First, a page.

Last year, Washington state lowered the number of uninsured kids in the state from 4.6 percent to 3.4 percent, thanks to a program called Apple Health for Kids, which helps about 700,000 kids get access to health care. Because of this, it was announced yesterday that the state received $17.6 million from the U.S. Department of Health and Human Services.
Right on time.
You may remember that earlier this month Gov. Chris Gregoire proposed eliminating the Basic Health program, which provides subsidized health care to about 66,000 needy people. Additionally, her budget proposal would kick thousands of children who might be in the country illegally off state insurance rolls. All of this was part of her effort to plug the $4.6 billion budget deficit.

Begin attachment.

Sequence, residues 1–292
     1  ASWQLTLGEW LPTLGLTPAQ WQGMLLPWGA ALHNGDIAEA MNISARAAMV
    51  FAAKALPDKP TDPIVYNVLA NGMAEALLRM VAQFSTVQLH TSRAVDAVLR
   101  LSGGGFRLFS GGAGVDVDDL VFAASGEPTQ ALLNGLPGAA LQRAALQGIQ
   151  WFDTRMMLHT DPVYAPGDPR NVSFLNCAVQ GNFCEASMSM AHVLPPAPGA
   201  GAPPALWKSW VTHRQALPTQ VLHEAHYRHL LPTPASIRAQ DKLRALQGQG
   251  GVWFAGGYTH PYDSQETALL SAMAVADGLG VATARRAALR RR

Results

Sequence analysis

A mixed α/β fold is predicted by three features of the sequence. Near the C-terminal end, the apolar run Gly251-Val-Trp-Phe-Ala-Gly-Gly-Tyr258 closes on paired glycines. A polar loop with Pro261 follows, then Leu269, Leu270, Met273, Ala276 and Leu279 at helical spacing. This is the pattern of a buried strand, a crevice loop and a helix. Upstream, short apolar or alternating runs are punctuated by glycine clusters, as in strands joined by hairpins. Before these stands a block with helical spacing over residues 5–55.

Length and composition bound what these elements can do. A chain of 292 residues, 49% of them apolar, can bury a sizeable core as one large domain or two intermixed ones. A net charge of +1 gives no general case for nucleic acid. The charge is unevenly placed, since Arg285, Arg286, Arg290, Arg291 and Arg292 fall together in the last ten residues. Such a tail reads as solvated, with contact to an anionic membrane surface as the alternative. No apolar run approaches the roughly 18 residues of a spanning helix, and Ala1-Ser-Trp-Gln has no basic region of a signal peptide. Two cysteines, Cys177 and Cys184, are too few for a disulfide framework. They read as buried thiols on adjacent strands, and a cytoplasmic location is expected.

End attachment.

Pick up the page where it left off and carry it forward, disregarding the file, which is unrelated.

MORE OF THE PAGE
The good news comes with some tough decision making. The almost $18 million in unexpected cash is unrestricted, meaning it can be used by the state in any way it wants. But activists are pushing her to reinvest in the Apple Health for Kids. According to the Tacoma News Tribune political blog, Gregoire has suggested she might eliminate the program to aid in her budget balancing.
And with many programs and pet projects on the line, many lawmakers are likely salivating at the new money.
Senate Majority Leader Lisa Brown, however, said in a statement she would like to see the money put back into Apple Health; "These bonus funds help us keep this successful program going in a tough budget environment," she said.
A total of $206 million was handed out to 15 states as part of an effort to increase health care access for uninsured kids. The program was authorized in February 2009 under the Children's Health Insurance Program Reauthorization Act. The other states are Alaska, Colorado, Illinois, Iowa, Kansas, Louisiana, Maryland, Michigan, New Jersey, New Mexico, Ohio, Oregon and Wisconsin.